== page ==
Leaders need to understand people. Some of you leaders get it. Some of you don't.  The typical external advisors to leaders come from one of three classes of professionals; lawyers, accountants, or business consultants. But if they need or want to understand people . . . lawyers and accountants . . . really?  

I'm not trying to disparage these fine professionals, in fact a few are very good with people and "people issues," but many of these professionals know this is not their area of expertise and tell me themselves that this is not what they have been trained to do, not what their interest is, or what they feel competent to do.  Those who accept that they need someone with expertise in this area refer.  The rest, well, they often help perpetuate, or escalate, the crisis that gets me, or someone like me, hired.

So how about the business consultants?  Surely, they are better.  It depends. Here, we have a much broader range of experience, education, and skills. Some are former business leaders themselves.  They may know a lot, from the "school of hard knocks," or they may know very little about people, focusing primarily or only on the business aspects of advising. Some have had a history of "people problems" themselves as a leader--which can be good or bad--coloring their views and advice.

The bottom line is . . . most leaders are "flying by the seat of their pants" when it comes to managing people and most of their advisors are too! The steadying hand of someone who understands and knows how to navigate the shoals of human systems is, unfortunately, the "exception not the rule" in business circles.

"But wait a minute!" you say. "How about organizational/industrial psychologists?" Once again, in my experience, this group of professionals vary widely in their ability to understand and intervene in human systems. "Wait . . . what? But they are people-people!"  True, and yes, many of them have a good understanding of people. A smaller number also understand human systems well. (I want to be clear that there are many competent professionals in this group.) However some, once again, are focused on the business objectives and not really the people. Others are more comfortable with a distant detached engagement performing the quantitative analysis of humans . . . numbers about people not engaging with the people themselves.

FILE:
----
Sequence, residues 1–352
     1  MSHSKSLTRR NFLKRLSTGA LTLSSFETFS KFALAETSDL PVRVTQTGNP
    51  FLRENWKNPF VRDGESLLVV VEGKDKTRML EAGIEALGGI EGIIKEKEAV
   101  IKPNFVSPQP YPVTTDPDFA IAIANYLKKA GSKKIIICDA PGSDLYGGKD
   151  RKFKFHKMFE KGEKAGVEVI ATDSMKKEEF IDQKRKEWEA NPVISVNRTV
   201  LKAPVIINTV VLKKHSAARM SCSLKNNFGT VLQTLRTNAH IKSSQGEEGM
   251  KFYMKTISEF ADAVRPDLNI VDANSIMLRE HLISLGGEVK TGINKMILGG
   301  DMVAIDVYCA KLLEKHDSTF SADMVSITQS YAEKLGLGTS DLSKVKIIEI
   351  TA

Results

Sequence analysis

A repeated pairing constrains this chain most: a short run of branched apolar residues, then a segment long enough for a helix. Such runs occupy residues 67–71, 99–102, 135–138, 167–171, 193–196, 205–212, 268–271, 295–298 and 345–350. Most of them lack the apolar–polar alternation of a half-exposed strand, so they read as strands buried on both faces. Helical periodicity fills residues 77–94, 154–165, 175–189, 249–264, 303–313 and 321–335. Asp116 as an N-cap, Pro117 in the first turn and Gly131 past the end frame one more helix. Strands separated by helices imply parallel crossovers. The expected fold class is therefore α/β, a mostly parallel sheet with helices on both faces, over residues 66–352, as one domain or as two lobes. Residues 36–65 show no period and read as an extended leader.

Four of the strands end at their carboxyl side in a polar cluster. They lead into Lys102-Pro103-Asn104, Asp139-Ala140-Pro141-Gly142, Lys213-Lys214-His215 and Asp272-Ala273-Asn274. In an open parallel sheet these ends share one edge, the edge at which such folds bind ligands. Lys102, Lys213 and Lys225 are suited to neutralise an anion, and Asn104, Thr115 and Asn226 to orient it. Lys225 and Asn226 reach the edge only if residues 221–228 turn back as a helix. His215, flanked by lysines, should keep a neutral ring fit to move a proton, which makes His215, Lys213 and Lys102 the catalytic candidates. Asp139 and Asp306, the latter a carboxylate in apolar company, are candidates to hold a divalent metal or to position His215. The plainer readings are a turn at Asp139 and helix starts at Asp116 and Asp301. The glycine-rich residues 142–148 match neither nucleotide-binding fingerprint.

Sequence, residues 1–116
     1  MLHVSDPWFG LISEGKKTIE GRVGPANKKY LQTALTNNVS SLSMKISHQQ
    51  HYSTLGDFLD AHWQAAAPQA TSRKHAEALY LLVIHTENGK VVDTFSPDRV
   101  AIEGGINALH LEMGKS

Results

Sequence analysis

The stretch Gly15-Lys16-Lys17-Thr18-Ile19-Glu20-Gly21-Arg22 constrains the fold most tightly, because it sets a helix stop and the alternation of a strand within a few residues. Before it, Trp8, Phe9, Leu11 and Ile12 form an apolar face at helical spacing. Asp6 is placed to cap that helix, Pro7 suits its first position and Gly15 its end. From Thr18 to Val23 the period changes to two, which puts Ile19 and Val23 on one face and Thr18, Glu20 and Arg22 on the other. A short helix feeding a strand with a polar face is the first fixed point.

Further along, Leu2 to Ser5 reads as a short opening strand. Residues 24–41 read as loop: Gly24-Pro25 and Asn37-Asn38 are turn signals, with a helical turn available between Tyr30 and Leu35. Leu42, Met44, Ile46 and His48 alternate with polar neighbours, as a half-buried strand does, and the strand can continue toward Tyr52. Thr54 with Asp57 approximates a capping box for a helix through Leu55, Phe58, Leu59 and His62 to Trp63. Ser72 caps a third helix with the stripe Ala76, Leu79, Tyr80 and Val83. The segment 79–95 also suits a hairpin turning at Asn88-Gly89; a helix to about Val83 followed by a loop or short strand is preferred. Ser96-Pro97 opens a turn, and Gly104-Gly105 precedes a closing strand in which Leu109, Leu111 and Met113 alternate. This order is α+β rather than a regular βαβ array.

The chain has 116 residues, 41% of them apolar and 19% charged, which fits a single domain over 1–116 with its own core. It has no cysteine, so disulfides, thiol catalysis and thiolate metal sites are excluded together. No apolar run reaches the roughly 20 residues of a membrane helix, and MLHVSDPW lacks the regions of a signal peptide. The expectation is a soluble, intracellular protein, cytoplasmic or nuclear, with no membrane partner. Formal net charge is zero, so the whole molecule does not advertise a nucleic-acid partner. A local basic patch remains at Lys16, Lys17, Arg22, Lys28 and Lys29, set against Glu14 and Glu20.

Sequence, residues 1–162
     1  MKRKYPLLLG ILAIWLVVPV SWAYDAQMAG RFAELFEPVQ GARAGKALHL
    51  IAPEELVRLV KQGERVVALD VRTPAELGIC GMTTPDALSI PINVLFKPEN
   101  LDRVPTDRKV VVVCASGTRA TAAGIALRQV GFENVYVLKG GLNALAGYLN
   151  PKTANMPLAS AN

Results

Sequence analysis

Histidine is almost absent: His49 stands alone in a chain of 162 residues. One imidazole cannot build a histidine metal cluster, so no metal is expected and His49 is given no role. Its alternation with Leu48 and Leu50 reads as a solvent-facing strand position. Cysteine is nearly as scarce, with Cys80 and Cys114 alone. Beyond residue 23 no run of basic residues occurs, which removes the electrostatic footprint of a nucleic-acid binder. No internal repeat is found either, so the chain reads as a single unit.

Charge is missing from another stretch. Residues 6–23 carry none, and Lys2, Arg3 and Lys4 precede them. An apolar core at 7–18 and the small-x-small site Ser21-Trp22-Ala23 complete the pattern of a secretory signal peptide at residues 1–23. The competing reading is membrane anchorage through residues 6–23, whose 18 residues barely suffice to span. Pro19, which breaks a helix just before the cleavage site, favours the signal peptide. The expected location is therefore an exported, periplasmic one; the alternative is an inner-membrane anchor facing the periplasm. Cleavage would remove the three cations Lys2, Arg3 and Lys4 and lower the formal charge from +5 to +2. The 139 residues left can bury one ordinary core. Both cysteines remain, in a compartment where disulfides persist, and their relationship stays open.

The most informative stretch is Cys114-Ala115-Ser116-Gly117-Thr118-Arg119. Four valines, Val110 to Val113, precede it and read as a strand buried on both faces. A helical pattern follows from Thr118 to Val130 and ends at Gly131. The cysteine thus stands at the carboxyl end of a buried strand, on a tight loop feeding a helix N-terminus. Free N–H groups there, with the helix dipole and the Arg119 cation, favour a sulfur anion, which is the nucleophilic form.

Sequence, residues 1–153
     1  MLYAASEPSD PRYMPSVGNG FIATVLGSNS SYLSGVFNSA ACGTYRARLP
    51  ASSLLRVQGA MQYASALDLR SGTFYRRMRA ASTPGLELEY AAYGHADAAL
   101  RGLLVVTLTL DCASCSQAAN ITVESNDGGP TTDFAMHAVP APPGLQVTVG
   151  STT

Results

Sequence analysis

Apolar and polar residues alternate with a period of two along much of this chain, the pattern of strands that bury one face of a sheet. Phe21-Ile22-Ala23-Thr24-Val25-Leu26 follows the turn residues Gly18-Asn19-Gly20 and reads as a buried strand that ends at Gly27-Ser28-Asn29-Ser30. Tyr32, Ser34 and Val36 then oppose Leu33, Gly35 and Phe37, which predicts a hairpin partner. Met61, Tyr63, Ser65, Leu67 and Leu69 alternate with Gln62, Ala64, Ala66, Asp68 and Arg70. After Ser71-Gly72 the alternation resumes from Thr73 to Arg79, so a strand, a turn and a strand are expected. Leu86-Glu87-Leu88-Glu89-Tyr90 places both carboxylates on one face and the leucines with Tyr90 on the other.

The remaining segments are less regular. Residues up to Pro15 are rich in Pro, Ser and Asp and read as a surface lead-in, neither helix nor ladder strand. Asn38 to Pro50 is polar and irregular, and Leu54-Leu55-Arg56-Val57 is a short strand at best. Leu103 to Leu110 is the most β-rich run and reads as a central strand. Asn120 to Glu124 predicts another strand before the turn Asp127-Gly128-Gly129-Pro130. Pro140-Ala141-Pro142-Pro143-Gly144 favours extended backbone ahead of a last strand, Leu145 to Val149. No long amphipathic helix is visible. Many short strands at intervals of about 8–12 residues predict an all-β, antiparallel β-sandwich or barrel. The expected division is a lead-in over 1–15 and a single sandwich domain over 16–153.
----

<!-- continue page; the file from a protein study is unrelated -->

The bottom line is, there is no one single professional group in which a leader can find a "sure thing" if they are looking for help with their human business system. You often have to assess each individual's background, skill set, interest, education etc. Not an easy thing to do. If it is a large firm then you may have to make sure to vet each consultant assigned to work with the organization.

Finding the right consultant to help with people issues then is often a search to find the specific consultant with the skills and expertise you need. Do they have training in human systems work? Do they have deep experience in working in complex, and often emotionally charged, human systems?  Do they have real world business experience?